Instructions for Drake: take him seriously.
In 1938, Alex Steinweiss, an art director for Columbia Records invented the concept of album cover art, making way for epic images that continuously influence pop culture. It’s different now that most listeners stream and download music, which has ignited a market for unique album artwork to differentiate one project from the next. Also, design software is much more accessible and apps like instagram are extremely popular. That accessibility has given artists a bevy of new media to expand greatly the idea of album covers. Artists can create several album covers with a mouse click, and with a simple QR code make them interactive, or create a vine video that gives the viewer a short film in lieu of a traditional static album cover.
So it’s no shock that this year is has delivered dope album covers.
Here is my list of 2013’s Five Best Hip Hop Album Covers, based on: visual aesthetic, concept in relation to album name and theme, and creative execution.
Every few years, there is a shift within a genre that meets the public’s ire or adoration (usually in equal parts). Drake represents a shift in hip-hop towards a spacious sound-scape and nakedly expressive emoting.
Legendary alive. Reminding everyone who originated the concept behind Drake’s homage on NWTS is Raekwon. Glad someone in that age bracket is still interested in rapping powerfully (ahem, Hov).
it’s safe to say that hip-hop has reached its Emo Era. rappers, for the first time on a major scale, are extremely comfortable expressing their darkest thoughts and lowest emotions. good for them!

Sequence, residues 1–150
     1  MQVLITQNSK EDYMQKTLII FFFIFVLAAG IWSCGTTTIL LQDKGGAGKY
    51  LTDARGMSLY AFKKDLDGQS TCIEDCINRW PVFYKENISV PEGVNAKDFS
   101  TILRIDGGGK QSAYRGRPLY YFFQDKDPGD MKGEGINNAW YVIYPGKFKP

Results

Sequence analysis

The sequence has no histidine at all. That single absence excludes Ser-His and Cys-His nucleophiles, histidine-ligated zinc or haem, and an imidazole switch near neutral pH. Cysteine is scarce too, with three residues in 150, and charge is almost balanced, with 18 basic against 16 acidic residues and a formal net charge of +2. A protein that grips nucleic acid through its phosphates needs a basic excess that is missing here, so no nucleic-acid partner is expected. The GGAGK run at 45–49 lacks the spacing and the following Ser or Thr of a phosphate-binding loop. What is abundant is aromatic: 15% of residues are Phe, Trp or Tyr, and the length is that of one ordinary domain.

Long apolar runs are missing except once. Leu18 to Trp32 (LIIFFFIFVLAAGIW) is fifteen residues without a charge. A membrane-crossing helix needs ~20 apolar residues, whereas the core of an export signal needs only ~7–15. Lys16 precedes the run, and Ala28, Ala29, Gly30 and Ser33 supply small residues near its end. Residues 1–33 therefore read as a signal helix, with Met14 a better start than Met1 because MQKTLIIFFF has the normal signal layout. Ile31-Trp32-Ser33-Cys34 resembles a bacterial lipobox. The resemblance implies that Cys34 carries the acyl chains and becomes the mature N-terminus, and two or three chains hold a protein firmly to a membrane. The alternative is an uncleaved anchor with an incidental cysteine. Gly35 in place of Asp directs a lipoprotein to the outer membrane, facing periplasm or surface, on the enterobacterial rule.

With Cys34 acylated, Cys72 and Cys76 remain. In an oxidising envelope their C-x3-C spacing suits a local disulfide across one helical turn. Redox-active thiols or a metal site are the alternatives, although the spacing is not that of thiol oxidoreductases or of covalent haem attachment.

Part one of Drizzy’s sit-down with Elliott Wilson at NYU. In this episode, Drake speaks on his new album Nothing Was The Same, Kanye West, Kendrick Lamar and more.
Lupe is making the most of the rap’s publicity wars by dismantling popular beats and inserting himself into the conversation with symbolic lyrics about how weak the game is. It’s a good strategy: not too confrontational to be overblown but sly and referential enough to thrill those who get it. Be one of those. (Hilarious that he keeps naming these songs sequels to his earlier work when they have nothing to do with that at all.)
Drake keeps the NWTS promo going, stopping by the Hot 97 studios in NYC for a sit-down with Angie Martinez. Aubrey speaks on his “Pound Cake” collabo with Jay Z, Kendrick’s “Control” verse, Rihanna, and more. Check out parts two and three after the jump. Read More